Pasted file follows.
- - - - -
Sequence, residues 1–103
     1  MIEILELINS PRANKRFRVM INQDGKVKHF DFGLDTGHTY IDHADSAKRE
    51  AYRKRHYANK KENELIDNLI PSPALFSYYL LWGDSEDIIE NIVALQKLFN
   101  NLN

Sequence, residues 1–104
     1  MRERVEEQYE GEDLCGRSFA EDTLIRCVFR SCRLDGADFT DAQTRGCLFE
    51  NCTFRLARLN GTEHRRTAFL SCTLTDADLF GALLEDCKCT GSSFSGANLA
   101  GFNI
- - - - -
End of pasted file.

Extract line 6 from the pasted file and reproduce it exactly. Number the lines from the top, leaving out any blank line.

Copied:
     1  MRERVEEQYE GEDLCGRSFA EDTLIRCVFR SCRLDGADFT DAQTRGCLFE